What’s in a Moisturiser and How Do I Choose the Right One?

What’s in a Moisturiser and How Do I Choose the Right One?

Your skin is your largest organ. It’s your first line of defence against UV, pollution and germs and it keeps your insides in place.

When skin gets dehydrated, two things happen: Allergens, microbes, and any other nasties that can get under your skin have an easier time doing so, and skin can’t shed its excess cells properly.  The result is dry, rough, scaly skin.

Often by the time you notice that you have dry skin, your skin’s self-healing processes are already unable to manage. Ideally, you use a moisturising lotion to prevent dry skin before it happens. If you wait until it’s already dry, lotion can protect your skin while it heals itself, but it will be a much slower recovery.

Did you know, moisturisers don't add water to your skin? They work by helping to hold the moisture already in your skin in.  They add a thin layer of oil to the skin’s surface to replace the damaged barrier and prevent water from evaporating. So if you want to add moisture to your skin, you have to apply moisturiser to wet skin to trap excess water inside.

What’s in a moisturiser and how do I choose the right one?

Moisturising lotions, creams and gels combine ingredients that protect your skin with ingredients that make the product easy to use, with all including one or more of the same basic ingredient types: 

  • Occlusives seal in the body’s natural moisture and block evaporation. Examples of pure occlusives are Vaseline (petrolatum), lanolin, coconut oil, shea and cocoa butters, mineral oil (liquid petrolatum) and botanical oils (like those from fruits, seeds and nuts). You can use pure occlusives alone, but most people find them greasy and unpleasant. Many lotions use an oil-free occlusive called dimethicone, a kind of silicone used to make oil-free cosmetics, to further avoid that greasy feeling.  Unfortunately for young skin, dimethicone can trap not only water, but bacteria under the skin, making it more prone to breakouts.  Dimethicone can also sting if the skin barrier is damaged, so this should be avoided.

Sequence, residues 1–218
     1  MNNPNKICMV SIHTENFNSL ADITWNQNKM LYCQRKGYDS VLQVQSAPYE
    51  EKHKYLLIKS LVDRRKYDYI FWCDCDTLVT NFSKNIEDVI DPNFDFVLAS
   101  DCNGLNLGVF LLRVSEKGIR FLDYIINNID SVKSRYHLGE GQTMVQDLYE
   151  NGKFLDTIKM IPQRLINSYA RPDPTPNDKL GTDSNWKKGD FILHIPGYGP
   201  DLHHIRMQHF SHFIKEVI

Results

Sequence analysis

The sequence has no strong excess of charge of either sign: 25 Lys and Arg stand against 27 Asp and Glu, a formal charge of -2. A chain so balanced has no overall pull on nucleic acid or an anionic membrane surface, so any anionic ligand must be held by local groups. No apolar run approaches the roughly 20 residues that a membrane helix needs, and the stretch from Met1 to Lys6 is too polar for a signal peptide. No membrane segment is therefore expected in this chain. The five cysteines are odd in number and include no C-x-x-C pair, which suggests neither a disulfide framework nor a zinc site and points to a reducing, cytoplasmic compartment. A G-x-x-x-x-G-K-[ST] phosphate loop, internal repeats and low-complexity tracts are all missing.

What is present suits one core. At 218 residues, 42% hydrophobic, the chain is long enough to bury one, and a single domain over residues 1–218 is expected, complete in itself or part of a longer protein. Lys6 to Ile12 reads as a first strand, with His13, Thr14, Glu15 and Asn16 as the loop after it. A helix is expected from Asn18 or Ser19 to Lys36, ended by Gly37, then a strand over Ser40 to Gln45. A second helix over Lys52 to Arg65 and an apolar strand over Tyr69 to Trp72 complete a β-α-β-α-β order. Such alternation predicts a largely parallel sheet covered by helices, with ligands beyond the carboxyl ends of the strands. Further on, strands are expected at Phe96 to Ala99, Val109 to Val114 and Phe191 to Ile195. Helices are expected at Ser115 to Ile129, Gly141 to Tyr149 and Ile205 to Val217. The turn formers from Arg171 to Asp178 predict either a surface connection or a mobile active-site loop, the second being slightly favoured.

The amount of water added is how we define a moisturiser as a cream, lotion or ointment. Lotions have the most water, creams have less, and ointments have even less.  This doesn't mean that ointments are better than lotions for performance, because ointments really don't feel good on the skin and are sticky and hard to use.  Lotions have the benefit of being able to include water-based nutrients to provide added benefits for healthy skin.

Girl Lane uses botanical occlusives and coconut oil as our preferred occlusive agents, they don't feel as greasy or sticky and come from natural sources. To make occlusives feel less greasy, we add water and water based active ingredients.  

  • Nearly all moisturisers contain “skin-conditioning” ingredients called emollients (such as shea and cocoa butters, cetearyl alcohol, apricot kernel oil, avocado oil, lanolin, and stearic, linoleic and lauric acids). These make your skin feel soft and smooth and may help repair barrier function. Some emollients (like butters and oils) double as occlusives.
  • The final ingredient type that many moisturisers include are humectants.  These are ingredients that draw water from deep skin layers to the surface. They can't be used alone, because this moisture would be lost to the atmosphere through evaporation if it wasn't trapped using an occlusive as well.  Products with prolonged moisture activity contain humectant ingredients like glycerin, alpha hydroxy acids or lactic acid

Besides these three key ingredient types, moisturisers contain lots of other ingredients, so what should you try to avoid?

Fragrances and dyes are added to lotions to make products smell and look better. Moisturisers with added fragrances can cause issues because they are rubbed into dry skin that is already sensitised to irritants, and can sting. Another problem is that if people will be allergic to anything, it will most likely be a fragrance (including natural fragrances like citrus) or dye.

At Girl Lane we recommend using only fragrance-free lotions to avoid allergic reactions. Moisturisers should always make your skin feel good.  If it makes your skin feel worse (such as itching, stinging or burning) it's not helping your skin be its healthy best.



Have a Question?

Check out the answers to common questions from Girl Lane co-founder and Pharmacist Deborah Williams - or you can even ask your own question!

CHECK IT OUT NOW
Deborah Williams
Co-Founder & Pharmacist
Deborah Williams